The J2EETM Tutorial
Home
TOC
Index
PREV TOP NEXT Search
Feedback

Web Client

In the Duke's Bank application, the Web client is used by customers to access account information and perform operations on accounts. For example, Figure 18-6 shows an account history screen.

Figure 18-6 Account History

Table 18-2 lists the functions the client supports, the URLs used to access the functions, and the components that implement the functions.

Table 18-2 Web Client 
Function
URL Aliases
JSP Pages
JavaBeans Component
Home page
/main
main.jsp

Log on or off the application
/logon
/logonError
/logoff
logon.jsp
logonError.jsp
logoff.jsp

List account
/accountList
accountList.jsp

List the history of an account
/accountHist
accountHist.jsp
AccountHistoryBean
Transfer funds between accounts
/transferFunds
/transferAck
transferFunds.jsp
transferAck.jsp
TransferBean
Withdraw and deposit funds
/atm
/atmAck
atm.jsp
atmAck.jsp
ATMBean
Error handling
/error
error.jsp

Design Strategies

The main job of the JSP pages in the Duke's Bank application is presentation. A strategy for developing maintainable JSP pages is to minimize the amount of scripting embedded in the pages. In order to achieve this, most dynamic processing tasks are delegated to enterprise beans, custom tags, and JavaBeans components.

In the Duke's Bank application, the JSP pages use enterprise beans to handle interactions with the database. In addition, the JSP pages rely heavily on JavaBeans components for interactions with the enterprise beans. In the Duke's Bookstore application, presented in chapters 10 to 13, the BookDB JavaBeans component acted as a front end to a database or as a facade to the interface provided by an enterprise bean. In the Duke's Bank application, TransferBean plays the same role. However, the other JavaBeans components have much richer functionality. ATMBean invokes enterprise bean methods and sets acknowledgement strings according to customer input, and AccountHistoryBean massages the data returned from the enterprise beans in order to present the view of the data required by the customer.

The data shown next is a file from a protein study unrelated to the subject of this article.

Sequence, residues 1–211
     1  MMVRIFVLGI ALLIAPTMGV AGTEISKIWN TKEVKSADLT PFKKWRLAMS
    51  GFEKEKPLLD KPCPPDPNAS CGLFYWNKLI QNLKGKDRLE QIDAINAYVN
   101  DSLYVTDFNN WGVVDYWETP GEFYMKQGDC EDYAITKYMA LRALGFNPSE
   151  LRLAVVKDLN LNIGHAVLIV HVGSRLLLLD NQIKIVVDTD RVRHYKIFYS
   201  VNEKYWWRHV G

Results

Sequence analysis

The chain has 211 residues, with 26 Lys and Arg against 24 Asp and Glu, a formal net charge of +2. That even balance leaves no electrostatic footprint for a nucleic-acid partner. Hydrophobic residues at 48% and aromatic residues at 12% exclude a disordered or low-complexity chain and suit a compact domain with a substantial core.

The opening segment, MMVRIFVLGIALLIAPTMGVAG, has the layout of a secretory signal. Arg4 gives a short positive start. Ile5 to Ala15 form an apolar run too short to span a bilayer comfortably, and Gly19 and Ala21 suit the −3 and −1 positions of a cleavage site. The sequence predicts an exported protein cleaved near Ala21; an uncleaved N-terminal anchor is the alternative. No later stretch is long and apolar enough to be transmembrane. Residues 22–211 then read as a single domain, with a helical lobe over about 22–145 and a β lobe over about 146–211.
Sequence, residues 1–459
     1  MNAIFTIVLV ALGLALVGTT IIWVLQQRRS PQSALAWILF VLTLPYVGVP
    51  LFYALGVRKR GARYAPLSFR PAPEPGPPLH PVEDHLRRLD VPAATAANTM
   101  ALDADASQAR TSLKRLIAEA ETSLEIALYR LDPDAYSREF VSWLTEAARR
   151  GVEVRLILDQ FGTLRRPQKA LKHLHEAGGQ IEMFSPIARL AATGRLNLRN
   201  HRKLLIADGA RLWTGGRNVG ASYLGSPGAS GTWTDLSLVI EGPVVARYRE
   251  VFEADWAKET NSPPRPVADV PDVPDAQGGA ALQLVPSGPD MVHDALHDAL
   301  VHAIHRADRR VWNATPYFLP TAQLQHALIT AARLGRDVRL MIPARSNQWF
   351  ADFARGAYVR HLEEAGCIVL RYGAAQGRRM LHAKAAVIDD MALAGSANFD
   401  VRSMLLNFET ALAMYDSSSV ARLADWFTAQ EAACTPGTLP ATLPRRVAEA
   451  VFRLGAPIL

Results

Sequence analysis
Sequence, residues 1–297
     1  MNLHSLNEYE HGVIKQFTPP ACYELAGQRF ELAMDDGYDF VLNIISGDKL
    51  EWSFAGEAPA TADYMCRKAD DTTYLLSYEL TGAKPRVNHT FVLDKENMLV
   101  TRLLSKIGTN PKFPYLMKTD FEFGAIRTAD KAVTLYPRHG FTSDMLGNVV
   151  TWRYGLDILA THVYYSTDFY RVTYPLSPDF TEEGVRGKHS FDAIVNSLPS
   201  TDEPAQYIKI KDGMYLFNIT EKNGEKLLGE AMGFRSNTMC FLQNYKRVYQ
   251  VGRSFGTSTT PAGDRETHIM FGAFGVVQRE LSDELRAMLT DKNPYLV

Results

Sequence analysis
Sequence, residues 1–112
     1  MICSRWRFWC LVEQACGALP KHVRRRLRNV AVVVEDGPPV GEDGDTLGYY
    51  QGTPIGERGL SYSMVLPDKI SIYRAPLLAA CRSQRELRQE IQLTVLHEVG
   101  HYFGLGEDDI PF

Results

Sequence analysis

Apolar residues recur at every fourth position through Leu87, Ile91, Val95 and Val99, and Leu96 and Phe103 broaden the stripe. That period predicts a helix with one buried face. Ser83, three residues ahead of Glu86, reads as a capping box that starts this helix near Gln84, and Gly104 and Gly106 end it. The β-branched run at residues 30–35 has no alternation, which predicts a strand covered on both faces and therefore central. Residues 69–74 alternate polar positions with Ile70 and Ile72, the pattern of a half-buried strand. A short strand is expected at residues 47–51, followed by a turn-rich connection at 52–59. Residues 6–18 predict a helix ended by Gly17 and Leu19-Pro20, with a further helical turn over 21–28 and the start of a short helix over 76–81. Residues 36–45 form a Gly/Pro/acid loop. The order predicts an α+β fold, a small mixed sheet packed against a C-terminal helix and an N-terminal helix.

The Web client uses a template mechanism implemented by custom tags (discussed in A Template Tag Library) to maintain a common look across all the JSP pages. The template mechanism consists of three components:

Finally, the Web client uses three logic tags--iterate, equal, and notEqual--from the Struts tag library discussed in the section The Example JSP Pages to perform flow control.

Web Client Life Cycle

Initializing the Client Components

Responsibility for managing the enterprise beans used by the Web client rests with the BeanManager class. It creates customer, account, and transaction controller enterprise beans and provides methods for retrieving the beans.

When instantiated, BeanManager retrieves the home interface for each bean from the helper class EJBGetter and creates an instance by calling the create method of the home interface. Because this is an application-level function, BeanManager itself is created and stored as a context attribute by a ContextListener (see Handling Servlet Life-Cycle Events) when the client is first initialized.

public class BeanManager {	
   private CustomerController custctl;	
   private AccountController acctctl;	
   private TxController txctl; 	
   public BeanManager() {	
      if (custctl == null) {	
         try {	
            CustomerControllerHome home =	
               EJBGetter.getCustomerControllerHome();	
            custctl = home.create();	
         } catch (RemoteException ex) {	
            System.out.println("...");	
         } catch (CreateException ex) {	
            System.out.println();	
         } catch (NamingException ex) {	
            System.out.println();	
      }	
   }	
   public CustomerController getCustomerController() {	
      return custctl;	
   }	
   ...	
}	
	
public final class ContextListener	
   implements ServletContextListener {	
   private ServletContext context = null;	
   ...	
   public void contextInitialized(ServletContextEvent event) {	
      this.context = event.getServletContext();	
      context.setAttribute("beanManager", 	
         new BeanManager());	
      context.log("contextInitialized()");	
   }	
   ...	
}
 

Request Processing

All requests for the URLs listed in Table 18-2 are mapped to the dispatcher Web component, which is implemented by the Dispatcher servlet:

public class Dispatcher extends HttpServlet {	
   public void doPost(HttpServletRequest request,	
      HttpServletResponse response) {	
   ...	
   String selectedScreen = request.getServletPath(); 	
	
   request.setAttribute("selectedScreen", selectedScreen);	
   BeanManager beanManager = getServletContext().getAttribute(	
      "beanManager"); 	
   ...	
   if (selectedScreen.equals("/accountHist")) {	
      ...